Thyssenkrupp-Kone elevator merger would trigger legal war - Schindler

Swiss elevator maker Schindler would embark on an all-out antitrust offensive in the courts to stall any deal to combine Thyssenkrupp’s lift division with rival Kone (KNEBV.HE), board member Alfred Schindler told Reuters. His comments came a day after the deadline for binding bids for Thyssenkrupp Elevator, which Finland’s Kone and three private equity consortia are looking to buy in a deal sources say could be worth up to 17 billion euros ($18.6 billion).

A combination of Kone and Thyssenkrupp Elevator would create the world’s largest lift maker, leapfrogging the market leader Otis, which is owned by United Technologies’ (UTX.N), and Schindler, currently in second place globally.

“We would probably file lawsuits in Europe, the United States, Canada, China and possibly Australia. These cases would take at least three to four years,” Schindler, who currently serves as the Swiss company’s chairman emeritus, said. He said he would expect other rivals to take legal action in the event of a sale to Kone: “You can safely assume that neither Otis nor Schindler will simply accept being driven out.”

Thyssenkrupp and Otis declined to comment. A spokeswoman for Kone said the company continued to believe there was room for consolidation in the sector.Shares in Kone were 3.8% lower following Schindler’s comments to Reuters while Thyssenkrupp was 1% higher. Once a symbol of Germany’s industrial power, Thyssenkrupp is struggling with 12.4 billion euros of debt and pension liabilities after years of ill-fated investments and needs to raise money from its prized elevator division. Thyssenkrupp plans to decide what it will do with the business by the end of February. Besides a full or partial sale, it is also pursuing plans for an initial public offering, though sources said this was becoming less likely.

A supervisory board meeting is scheduled for Feb. 27 and a decision on the fate of the elevator business could be made then, two people familiar with the matter said. Solely based on deal value, Kone and a consortium consisting of Blackstone (BX.N), Carlyle (CG.O) and the Canada Pension Plan Investment Board look best-placed to enter the final round, people familiar with the matter said.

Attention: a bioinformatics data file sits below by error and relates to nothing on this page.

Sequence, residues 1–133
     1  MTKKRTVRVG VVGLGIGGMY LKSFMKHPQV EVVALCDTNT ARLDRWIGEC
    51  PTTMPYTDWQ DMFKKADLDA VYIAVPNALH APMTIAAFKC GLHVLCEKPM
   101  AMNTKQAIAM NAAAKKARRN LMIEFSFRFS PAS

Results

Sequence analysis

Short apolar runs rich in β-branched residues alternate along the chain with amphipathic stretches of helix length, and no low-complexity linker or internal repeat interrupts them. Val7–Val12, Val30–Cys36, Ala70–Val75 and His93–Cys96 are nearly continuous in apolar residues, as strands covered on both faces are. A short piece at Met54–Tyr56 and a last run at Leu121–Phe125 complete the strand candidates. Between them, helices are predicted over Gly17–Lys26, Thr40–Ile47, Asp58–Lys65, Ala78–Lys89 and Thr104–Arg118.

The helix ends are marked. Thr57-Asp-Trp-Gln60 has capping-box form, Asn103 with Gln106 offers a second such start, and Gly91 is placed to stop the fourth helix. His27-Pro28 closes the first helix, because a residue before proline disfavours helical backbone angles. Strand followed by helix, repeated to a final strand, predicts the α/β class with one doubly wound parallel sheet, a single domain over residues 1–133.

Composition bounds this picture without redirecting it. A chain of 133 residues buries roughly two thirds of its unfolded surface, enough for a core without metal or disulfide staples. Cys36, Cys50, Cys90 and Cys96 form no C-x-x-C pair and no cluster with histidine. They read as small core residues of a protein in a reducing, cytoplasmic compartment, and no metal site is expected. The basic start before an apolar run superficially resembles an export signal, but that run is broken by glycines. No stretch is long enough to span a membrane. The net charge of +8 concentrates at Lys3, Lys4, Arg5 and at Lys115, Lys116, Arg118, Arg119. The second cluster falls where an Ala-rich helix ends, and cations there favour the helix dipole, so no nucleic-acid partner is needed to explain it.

Kone has made a non-binding bid of 17 billion euros while the consortium has come in at about 16 billion. It was not immediately clear whether had Kone improved its offer. A consortium comprising Advent, Cinven [CINV.UL] and the Abu Dhabi Investment Authority as well as a group made up of Canada’s Brookfield (BAMa.TO) and Singapore’s Temasek [TEM.UL] are also part of the race, sources have said.

While an outright sale to Kone would probably raise the most cash for the beleaguered conglomerate, Thyssenkrupp is concerned it might trigger antitrust investigations in a number of markets where the combined company could become a dominant player.

If Kone is selected, the deal is expected to result in lengthy antitrust reviews in Europe as well as the United States which could lead to the sale of some assets to rivals to secure regulatory approval. "Such a hypothetical takeover would ... have considerable effects on the structure of the relevant markets and most likely lead to significant negative impacts on effective competition in many markets," DICE Consult said in a report here last week.

Kone has drawn up plans to hand Thyssenkrupp’s European assets to private equity firm CVC [CVC.UL] but the European Commission typically prefers industrial buyers that can compete on a stronger footing with the firm offloading specific assets.

At the moment, Kone is the world’s third biggest elevator maker, followed by Thyssenkrupp and Japan’s Hitachi (6501.T). Schindler served as the company’s CEO from 1985 until 2011 and his assessment carries significant weight as the Schindler and Bonnard families, and parties related to them, hold 71.1% of the company’s voting rights. Schindler, who transformed the Swiss company into a global player, said besides legal steps, it would also intensify its operational efforts to fight any merger between the two rivals.

“There will be a technology war. It is already ongoing but it will intensify massively,” he said, without giving specifics. “Surprise lies at the heart of any defense strategy. A strategy that you lay out in advance would go against any rule of warfare.”